Interfaith Restorative Justice

Published: Friday, January 19th, 2024

This is a blog by our Strategic Programmes Manager, Kate Aldous. 


Why me? is delighted to announce the start of a project exploring using Restorative Justice  to address conflict between faiths and communities. This project will be led by the Faith and Belief Forum (F&BF), who will lead on work in Solihull, in partnership with Interfaith Glasgow working locally. Why me? will provide expertise on restorative processes and practice.  

Over the last ten years hate crime has grown from 40,000 recorded cases to nearly 160,000 in 2021-22. Faith hate, the second highest after race, is part of this growth. While some of this increase may reflect a higher level of reporting rather than a real increase, each incident is a cause of significant distress for those experiencing it, and therefore it is critical that we find ways to counter these trends and build community cohesion. It has become apparent that instant global communication, which brings so many positives, also brings conflict in other parts of the world into our communities in the UK. Tension in the Middle East has long been reflected in spikes in antisemitism and islamophobia here, and this is playing out again with the current conflict. We also saw conflict erupt in Leicester following events in India between Hindus and Muslims.  

Recognising the importance of addressing the increase in faith hate and the vulnerability of  communities to international events, Why me? ran two events with F&BF last year to explore how we might address existing tensions, and strengthen relations to stop future discord, inviting experts in the field to share their thinking. Some clear messages emerged on the  importance of recognising the complexity of conflict, and the importance of supporting  communities to have the difficult conversations about controversial issues. This means really exploring the conflict, rather than tiptoeing around it, leaving questions unanswered and resentment unaddressed – with the potential to reignite. Another theme that emerged was the importance of political and policy support and strong leadership.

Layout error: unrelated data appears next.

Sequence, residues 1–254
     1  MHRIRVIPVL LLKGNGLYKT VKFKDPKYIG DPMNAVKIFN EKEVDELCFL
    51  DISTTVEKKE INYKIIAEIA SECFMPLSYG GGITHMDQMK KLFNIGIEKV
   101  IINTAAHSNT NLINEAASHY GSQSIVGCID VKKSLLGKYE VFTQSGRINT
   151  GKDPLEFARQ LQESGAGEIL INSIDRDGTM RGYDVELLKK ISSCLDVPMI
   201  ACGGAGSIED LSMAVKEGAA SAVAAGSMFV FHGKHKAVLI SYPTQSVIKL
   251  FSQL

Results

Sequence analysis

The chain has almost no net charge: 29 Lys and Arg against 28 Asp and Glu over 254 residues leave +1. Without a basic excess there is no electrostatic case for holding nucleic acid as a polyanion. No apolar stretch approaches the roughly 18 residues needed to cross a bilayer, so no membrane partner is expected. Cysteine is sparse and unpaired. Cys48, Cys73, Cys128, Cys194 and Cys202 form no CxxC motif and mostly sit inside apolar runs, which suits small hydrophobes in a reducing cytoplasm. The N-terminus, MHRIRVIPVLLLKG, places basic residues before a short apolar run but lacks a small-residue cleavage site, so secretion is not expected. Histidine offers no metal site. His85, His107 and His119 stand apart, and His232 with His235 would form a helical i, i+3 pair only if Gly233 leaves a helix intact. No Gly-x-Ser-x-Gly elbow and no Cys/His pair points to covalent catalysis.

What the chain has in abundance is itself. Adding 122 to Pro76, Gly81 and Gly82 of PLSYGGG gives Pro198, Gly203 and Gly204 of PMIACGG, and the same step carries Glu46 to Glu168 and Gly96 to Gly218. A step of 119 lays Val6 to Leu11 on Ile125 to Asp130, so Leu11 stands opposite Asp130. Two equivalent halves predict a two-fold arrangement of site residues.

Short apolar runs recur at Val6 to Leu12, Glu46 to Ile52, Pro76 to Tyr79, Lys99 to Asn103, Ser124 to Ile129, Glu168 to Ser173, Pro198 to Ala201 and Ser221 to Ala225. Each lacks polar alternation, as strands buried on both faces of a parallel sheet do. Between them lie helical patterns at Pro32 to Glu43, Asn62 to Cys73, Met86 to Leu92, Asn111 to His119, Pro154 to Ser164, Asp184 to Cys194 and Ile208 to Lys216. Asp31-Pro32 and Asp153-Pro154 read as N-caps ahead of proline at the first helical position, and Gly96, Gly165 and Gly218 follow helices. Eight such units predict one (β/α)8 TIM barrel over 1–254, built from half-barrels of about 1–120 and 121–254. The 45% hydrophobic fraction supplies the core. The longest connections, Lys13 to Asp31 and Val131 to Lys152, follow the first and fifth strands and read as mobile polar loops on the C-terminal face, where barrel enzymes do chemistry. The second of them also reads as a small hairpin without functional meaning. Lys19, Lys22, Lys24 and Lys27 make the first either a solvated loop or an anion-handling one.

F&BF and Interfaith Glasgow have expertise in bringing together those of different faiths to  discuss their faith identities, the differences and similarities, and what this means for  communities. Bringing this together with Restorative Justice will allow us to both address  current conflicts and prevent future ones.  

Interfaith community workers Mahmooda Qureshi and Magdalen Lambkin be will be working  in Solihull and Glasgow respectively to engage with faith leaders and identify tensions. We will design restorative processes to bring together those of different faiths and of none to get to the heart of the conflict, creating safe spaces to have those difficult conversations. This will build understanding and connection, as well as a change in attitude. Instead of something to fear and avoid, we hope people will view conflict as something inevitable and manageable, which can bring learning and opportunity.  

Community faith leaders will be at the heart of the process, receive training in Restorative Justice, and helping to deliver the processes with us. In this way we will ensure that communities have the skills to address and prevent faith conflict beyond the lifetime of the project.  

We will write up case studies of the work we deliver and will share our learning in a Good Practice Guide for faith and community leaders, and Restorative Justice Practitioners. There will also be a policy strand through which we seek to influence policy-makers to support this approach.  

With events in the Middle East creating conflict and tensions in our communities, this is exciting and timely work. I am looking forward to seeing what comes of it!

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